An Italian man has been found guilty of child abuse after forcing his daughters to ski competitively and eat a macrobiotic diet because he believed they were too fat. The father has been sentenced to nine months in prison.
The case began in 2011 with complaints by the girls to their mother that their father mistreated them and that they no longer wanted to visit him.
Their father who has not been named in the press but has been described as a wealthy 53-year old claims he became concerned about his daughters' health after seeing pictures of them on Facebook. He encouraged them to ski for exercise and fed them a macrobiotic diet avoiding processed and refined foods. He claims the measures were no more than was in response to a normal level of parental concern.
However, a different scenario was shown in the courtroom. The girl's mother and the prosecutor in the case demonstrated constant taunting and pressure from the father to his two daughters.
The court convicted the father of psychological abuse and sentenced him to nine months in prison – he has stated that he will appeal against the verdict.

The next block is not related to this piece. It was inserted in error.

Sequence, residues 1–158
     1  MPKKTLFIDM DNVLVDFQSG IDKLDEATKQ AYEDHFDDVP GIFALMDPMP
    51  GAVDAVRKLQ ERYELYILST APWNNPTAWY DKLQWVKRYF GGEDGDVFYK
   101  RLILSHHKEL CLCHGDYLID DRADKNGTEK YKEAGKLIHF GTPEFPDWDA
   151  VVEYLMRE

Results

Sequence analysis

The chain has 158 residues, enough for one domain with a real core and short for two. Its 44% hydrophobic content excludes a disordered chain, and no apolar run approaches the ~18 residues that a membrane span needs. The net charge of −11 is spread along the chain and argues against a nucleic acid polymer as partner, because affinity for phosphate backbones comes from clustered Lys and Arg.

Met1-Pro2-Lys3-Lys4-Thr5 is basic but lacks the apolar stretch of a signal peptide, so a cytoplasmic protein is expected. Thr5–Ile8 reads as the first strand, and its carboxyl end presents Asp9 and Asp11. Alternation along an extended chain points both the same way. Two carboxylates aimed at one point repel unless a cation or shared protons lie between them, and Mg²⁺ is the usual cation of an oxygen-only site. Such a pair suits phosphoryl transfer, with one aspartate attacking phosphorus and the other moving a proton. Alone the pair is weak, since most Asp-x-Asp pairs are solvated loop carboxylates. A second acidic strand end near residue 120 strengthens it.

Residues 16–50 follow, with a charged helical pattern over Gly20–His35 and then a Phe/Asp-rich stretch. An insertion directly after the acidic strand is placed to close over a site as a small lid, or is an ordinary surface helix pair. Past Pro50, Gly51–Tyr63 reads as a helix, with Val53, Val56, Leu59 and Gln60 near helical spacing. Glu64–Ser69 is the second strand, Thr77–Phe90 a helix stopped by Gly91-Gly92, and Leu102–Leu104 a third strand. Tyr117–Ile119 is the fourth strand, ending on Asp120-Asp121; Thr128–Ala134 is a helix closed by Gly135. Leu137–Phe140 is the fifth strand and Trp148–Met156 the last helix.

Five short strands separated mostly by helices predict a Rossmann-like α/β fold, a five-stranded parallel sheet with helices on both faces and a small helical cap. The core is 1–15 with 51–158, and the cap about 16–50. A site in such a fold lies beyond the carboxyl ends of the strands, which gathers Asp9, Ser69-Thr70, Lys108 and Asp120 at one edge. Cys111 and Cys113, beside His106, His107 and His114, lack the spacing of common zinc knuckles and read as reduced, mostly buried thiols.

Whilst some may feel this punishment is extreme given that the father claims to be a concerned parent and did not physically harm his children, experts say that children who are subjected to psychological abuse can face the same mental health problems as children who are sexually or physically abused. Emotional abuse can lead to anxiety, depression, low self-esteem and substance abuse and is thus beginning to be treated in the same way as physical and sexual abuse in courtrooms worldwide.
Changes to UK law
The UK government has recently sought to enact changes to the meaning of child neglect and abuse under the law. The new law makes clear that it is a crime to inflict cruelty that is likely to cause psychological suffering or damage to a child.
Those who do inflict such cruelty could face up to 10 years in prison for their crimes – this is regardless of whether their behavior is of a physical or psychological nature.
The existing law on child cruelty allows cases to be brought for neglect, ill-treatment, abandonment and other forms of cruelty. However, the current law does not adequately make it clear that it is also a form of cruelty to cause emotional harm to children.
At present, each case presented to the court on an individual basis and will be determined by the courts, based on the full facts presented to them.
Find out more with our free Family Law Guides.
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